Does the wpa_passphrase command turn an ASCII string into hexadecimal and what is the benefit of doing so? Is the psk sent in the header of packets? Can it be easy to sniff if it's in a string format?


1 Answer 1


The PSK is not 'converted' to hexadecimal but if doing the calculation by hand it is often expressed that way to simplify the process. As the manpage indicates,

wpa_passphrase pre-computes PSK entries for network configuration blocks of a wpa_supplicant.conf file. An ASCII passphrase and SSID are used to generate a 256-bit PSK

This means, you provided the passphrase and the ssid, which are two parts of the calculated SSID. The passphrase and SSID can be expressed as hexadecimal during the process if you want to think of it that way (its just a way of expressing the data, its not really a conversion) and they are used to compute a one way hash (using SHA) becoming the PSK, which is then used during the handshake (only after steps are taken to confirm the other side also knows the PSK in a similar one-way manner, part of the four way handshake). It is never sent in the clear to the extent that observation will do anything other than allow you to confirm that you have successfully guessed the passphrase.

Edit: more info requested

The WPA/WPA2 process is pretty intricate, here is a good question/answer that goes into more specifics about key handling. In summary though, the passphrase/password is never sent in the clear or even in a reversibly encrypted form, it is turned into a "preshared key" by using the passphrase + SSID and then computing a (theoretically) one-way hash, known as the PSK, which is used during the handshake and even that isn't sent in the clear (because it would allow a replay attack) so it is only communicated between client and host via further encryption steps.

  • Thank you for your great answer. To confirm my understanding, the passphrase the key in an encrypted form? Also, during the handshake, the password is never sent in plain text format?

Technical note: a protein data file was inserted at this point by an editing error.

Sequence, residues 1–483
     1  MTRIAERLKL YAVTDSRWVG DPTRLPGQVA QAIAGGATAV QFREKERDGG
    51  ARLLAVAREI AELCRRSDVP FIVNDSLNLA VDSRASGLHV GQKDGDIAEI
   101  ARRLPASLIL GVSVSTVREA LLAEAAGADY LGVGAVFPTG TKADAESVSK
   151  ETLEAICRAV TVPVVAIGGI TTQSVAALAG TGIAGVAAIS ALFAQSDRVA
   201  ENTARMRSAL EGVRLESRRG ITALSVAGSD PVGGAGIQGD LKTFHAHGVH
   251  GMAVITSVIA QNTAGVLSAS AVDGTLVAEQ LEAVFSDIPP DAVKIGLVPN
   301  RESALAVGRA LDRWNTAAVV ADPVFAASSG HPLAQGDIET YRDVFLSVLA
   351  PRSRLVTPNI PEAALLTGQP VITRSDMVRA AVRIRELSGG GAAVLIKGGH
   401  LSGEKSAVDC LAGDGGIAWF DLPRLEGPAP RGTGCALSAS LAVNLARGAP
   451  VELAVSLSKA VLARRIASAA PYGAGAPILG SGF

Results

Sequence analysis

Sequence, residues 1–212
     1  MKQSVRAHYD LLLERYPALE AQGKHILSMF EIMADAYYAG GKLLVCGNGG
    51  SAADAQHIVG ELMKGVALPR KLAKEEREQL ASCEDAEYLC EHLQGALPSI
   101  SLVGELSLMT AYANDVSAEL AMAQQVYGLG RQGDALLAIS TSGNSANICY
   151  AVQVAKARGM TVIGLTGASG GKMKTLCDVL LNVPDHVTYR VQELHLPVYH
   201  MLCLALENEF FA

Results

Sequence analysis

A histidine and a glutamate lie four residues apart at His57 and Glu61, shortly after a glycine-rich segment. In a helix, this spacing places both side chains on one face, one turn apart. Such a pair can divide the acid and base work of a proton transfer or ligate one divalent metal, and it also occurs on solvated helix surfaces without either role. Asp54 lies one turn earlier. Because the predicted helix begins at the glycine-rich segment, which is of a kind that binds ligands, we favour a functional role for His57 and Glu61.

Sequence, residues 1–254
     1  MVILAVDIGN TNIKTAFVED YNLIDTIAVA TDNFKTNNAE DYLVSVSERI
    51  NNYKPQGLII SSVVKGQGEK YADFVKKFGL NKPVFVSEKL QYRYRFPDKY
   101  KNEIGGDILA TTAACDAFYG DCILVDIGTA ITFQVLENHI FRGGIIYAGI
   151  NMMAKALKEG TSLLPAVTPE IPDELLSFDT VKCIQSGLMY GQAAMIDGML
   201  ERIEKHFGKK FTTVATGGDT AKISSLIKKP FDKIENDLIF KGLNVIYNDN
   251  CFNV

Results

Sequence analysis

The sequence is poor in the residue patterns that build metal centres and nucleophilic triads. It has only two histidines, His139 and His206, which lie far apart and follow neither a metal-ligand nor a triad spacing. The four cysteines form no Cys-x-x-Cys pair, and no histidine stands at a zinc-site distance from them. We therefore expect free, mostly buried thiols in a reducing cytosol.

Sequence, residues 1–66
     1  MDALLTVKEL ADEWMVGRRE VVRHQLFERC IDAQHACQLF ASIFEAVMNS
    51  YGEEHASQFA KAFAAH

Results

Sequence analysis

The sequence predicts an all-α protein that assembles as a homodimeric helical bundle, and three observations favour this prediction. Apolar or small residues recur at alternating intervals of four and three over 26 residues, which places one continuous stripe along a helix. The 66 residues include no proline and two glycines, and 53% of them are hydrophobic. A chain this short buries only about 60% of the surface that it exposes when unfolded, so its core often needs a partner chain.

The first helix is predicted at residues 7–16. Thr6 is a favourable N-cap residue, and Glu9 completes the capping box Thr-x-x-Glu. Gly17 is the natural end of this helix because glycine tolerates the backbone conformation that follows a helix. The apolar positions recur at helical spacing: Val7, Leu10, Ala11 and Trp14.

– cnic
    Jul 22, 2016 at 21:44
  • @cnic There are asymmetric methods of verifying a password that are irreversible. Often Diffie-Hellman key agreement is used as part of such algorithms. Jul 25, 2016 at 1:46
  • 4
    I upvoted, but it is still not clear what is the benefit of using wpa_passphrase command which turns for example P@$$w0rd into 8d240f2be9db8bba9dbd68d888fd43c7b3b00823ac9dd0d24b9b301a8fd255ec. It is clear that it is not Hash (or another sort of encryption) - it is just another encoding, different from ASCII. So what is the point of it? Why not to keep it in ASCII?
    – Drew
    Apr 7, 2018 at 4:29
  • I have a similar question as Drew. In particular I have struggled with getting my laptop connected at my home wlan, and I wrote a ruby script to automate the various different commands that have to be performed. Right now I also want to autogenerate the .conf file for wpa, but I don't know how to replace the password string + essid (which I both know since it is on my home system) into that strange hash. Any information added would be hugely helpful.
    – shevy
    May 2, 2019 at 11:32
  • @Drew good point, I think it is true. I see one benefit though. If you share same password between more networks, if somebody gets one passphrase, it will not help him to connect to other networks.
    – Flowy
    May 18, 2019 at 19:38

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